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  Child issues

Giving poor children a reason to smile

Dr Lam Hoai Phuong (centre) and her surgical team perform an operation at the National Hospital of Odonto-Stomatology

Fifteen years ago, when she began to work with the charity group Operation Smile, Lam Hoai Phuong dreamed of how she could change the lives of poor children born with facial deformities.

"I wanted to give them much more than a smile," Dr Phuong says. "I wanted them to be able to speak, drink and eat easily so they could go to school with other children."

Phuong, who works as a plastic surgeon at the HCM City-based National Hospital of Odonto-Stomatology (NHOS), didn’t enter medicine to earn a high salary.

"I never thought I would do this job because of money. Without a heart, the physician cannot heal the patient."

Since 1984 Phuong has been performing charity surgeries for poor children from Vung Tau City, and has worked for Operation Smile since 1989 when the group began its mission in Viet Nam.

She became the first Vietnamese member of Operation Smile International’s volunteer team.Operation Smile has one surgical mission each year in Viet Nam, performing operations on about 1,000 children.

But Phuong and her team at the NHOS also help thousands of others from 32 southern provinces year-round.

Besides the surgeries funded by, the local team performs half a dozen surgical missions each year, mainly in the south, financed by other donors and humanitarian organisations.

"I’ve performed about eight to 10 operations per day at the hospital over the last 15 years, but sometimes 15 cases per day."

Phuong also heads volunteer surgical teams sent to other cities and provinces, including Ba Ria-Vung Tau, Can Tho and Da Nang.

"We carry out between 100 to 150 operations outside the hospital every month."

Speed is important for a doctor during a surgical mission and Phuong maintains a fast pace. She needs only 25 to 30 minutes to complete a cleft palate operation, while most of OS’s visiting doctors need 15 to 20 minutes more.

"There’s no difference between charity and paid surgeries. We even pay more attention to cases of poor patients because they cannot recover quickly if they don’t receive proper care," she says.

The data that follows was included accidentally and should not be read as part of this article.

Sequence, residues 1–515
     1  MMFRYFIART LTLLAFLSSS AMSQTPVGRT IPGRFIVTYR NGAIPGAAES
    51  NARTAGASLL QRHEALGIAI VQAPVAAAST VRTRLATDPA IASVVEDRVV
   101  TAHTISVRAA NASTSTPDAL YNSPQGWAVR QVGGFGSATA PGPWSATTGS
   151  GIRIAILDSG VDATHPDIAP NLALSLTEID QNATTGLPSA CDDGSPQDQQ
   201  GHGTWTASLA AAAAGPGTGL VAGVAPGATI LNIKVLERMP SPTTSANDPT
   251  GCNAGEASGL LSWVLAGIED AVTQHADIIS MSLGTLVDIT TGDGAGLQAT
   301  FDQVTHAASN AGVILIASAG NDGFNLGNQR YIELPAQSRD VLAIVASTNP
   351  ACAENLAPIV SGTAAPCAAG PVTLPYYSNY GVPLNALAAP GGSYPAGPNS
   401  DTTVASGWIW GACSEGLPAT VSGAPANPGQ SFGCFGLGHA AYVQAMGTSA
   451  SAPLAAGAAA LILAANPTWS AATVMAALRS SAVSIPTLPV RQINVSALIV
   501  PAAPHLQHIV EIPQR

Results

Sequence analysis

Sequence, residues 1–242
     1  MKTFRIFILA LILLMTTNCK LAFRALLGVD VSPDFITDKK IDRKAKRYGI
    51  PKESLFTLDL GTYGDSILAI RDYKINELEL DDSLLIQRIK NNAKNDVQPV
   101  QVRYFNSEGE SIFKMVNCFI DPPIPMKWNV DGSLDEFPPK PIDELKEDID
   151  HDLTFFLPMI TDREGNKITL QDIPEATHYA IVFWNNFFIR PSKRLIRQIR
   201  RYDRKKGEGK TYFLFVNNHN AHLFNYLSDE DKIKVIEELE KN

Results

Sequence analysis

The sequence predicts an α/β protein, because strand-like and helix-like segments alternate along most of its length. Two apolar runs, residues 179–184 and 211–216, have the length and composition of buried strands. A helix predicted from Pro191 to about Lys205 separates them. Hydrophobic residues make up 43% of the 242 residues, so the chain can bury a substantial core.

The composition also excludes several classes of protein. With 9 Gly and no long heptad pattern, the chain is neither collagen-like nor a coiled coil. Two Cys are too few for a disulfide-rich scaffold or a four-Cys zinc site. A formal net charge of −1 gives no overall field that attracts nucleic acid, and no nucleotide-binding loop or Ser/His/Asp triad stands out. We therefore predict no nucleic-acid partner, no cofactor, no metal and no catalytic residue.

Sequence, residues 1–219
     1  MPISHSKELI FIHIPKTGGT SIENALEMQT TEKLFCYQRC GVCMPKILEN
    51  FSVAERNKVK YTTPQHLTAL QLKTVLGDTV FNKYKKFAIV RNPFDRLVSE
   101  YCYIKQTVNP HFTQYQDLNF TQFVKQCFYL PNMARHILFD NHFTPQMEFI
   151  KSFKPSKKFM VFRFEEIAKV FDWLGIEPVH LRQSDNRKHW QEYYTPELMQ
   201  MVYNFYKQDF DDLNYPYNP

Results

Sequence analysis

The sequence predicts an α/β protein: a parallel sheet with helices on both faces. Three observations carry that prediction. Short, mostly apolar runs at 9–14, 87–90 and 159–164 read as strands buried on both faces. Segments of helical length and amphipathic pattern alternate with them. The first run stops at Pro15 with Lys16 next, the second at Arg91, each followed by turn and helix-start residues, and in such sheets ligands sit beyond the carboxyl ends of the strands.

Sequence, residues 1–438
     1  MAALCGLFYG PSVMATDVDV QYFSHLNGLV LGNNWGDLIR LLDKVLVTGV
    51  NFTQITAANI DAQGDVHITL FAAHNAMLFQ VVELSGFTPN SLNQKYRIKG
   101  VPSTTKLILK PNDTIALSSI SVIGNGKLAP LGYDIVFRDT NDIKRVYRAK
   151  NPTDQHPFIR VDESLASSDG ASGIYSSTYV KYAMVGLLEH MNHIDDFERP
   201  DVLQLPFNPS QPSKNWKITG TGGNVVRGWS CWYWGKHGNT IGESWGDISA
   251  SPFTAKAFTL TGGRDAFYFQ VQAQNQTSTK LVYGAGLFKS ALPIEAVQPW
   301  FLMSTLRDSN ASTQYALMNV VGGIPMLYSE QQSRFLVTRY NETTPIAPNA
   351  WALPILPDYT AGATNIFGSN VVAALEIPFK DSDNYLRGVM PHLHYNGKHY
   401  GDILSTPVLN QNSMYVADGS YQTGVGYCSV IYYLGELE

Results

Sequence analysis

"A physician also needs to be creative and flexible in applying Western methods and skills that he or she has learned to treat patients."

Phuong always prescribes antibiotics after operations because of the risk of contamination at local crowded hospitals and at the patients’homes.

Phuong, who heads the NHOS’s Maxillo Facial and Plastic Surgery Department, also teaches at the hospital and the HCM City University of Medicine and Pharmacy.

"Sometimes I’m nearly exhausted after surgeries, but my tension and fatigue seem to disappear when I see my patients make a good recovery."

Each year, Phuong also does voluntary work funded by OS in other countries, including China, India, Kenya, and Laos. "I gain new skills and experience when I work with my peers."

Her hard work paid off when she was sent to the US in 1994 and Canada in 1996 for training courses.

"At that time, it wasn’t easy for a Vietnamese doctor to study overseas," she says. "It wasn’t the thought of staying overseas that excited me, but the thought that I would be able to serve people better with the skills and technologies I would learn."

Her family, at work and at home, is a powerful source of encouragement for her. "I’m lucky as both my families strongly support me."

Her father and teacher, Prof. Lam Ngoc An, who once headed the NHOS, has had a positive impact on her career. "My father guided me in performing my first surgery when I was still at university."

He was Viet Nam’s first doctor to be rewarded with Operation Smile’s Lifetime Achievement Award. Phuong and her father are among 5,000 Operation Smile volunteer surgeons around the world who have received the award.

Phuong’s major concern now is after-care services for patients. She and her team are creating a three-year plan, with aid from international groups like the Australian Rotary organisation.

"The treatment system is complicated and takes time, as it will include dentistry, after-care, and speech therapy so children can speak, drink, eat and breathe after their harelip operation."

Her dream may come true as has recently announced that it will set up care centres in Viet Nam, with the first planned for Da Nang.

Kenneth Atkinson, chair of the Operation Smile Board of Sponsors, said: "We plan to build three care centres in Viet Nam to provide free medical check-ups for children who have already received facial surgery from local or international missions, or who are waiting for treatment."

A mother of two daughters, Phuong empathises with the parents of her patients. She said she understands that people need to cry, and realises why some patients call her "mother".

"It’s just because they say I have given them a second life."

On the weekends, she spends time with her family."I’m lucky because my husband and my two daughters, who are grown up, understand and sympathise with me."

VNS - (15/06/2004)

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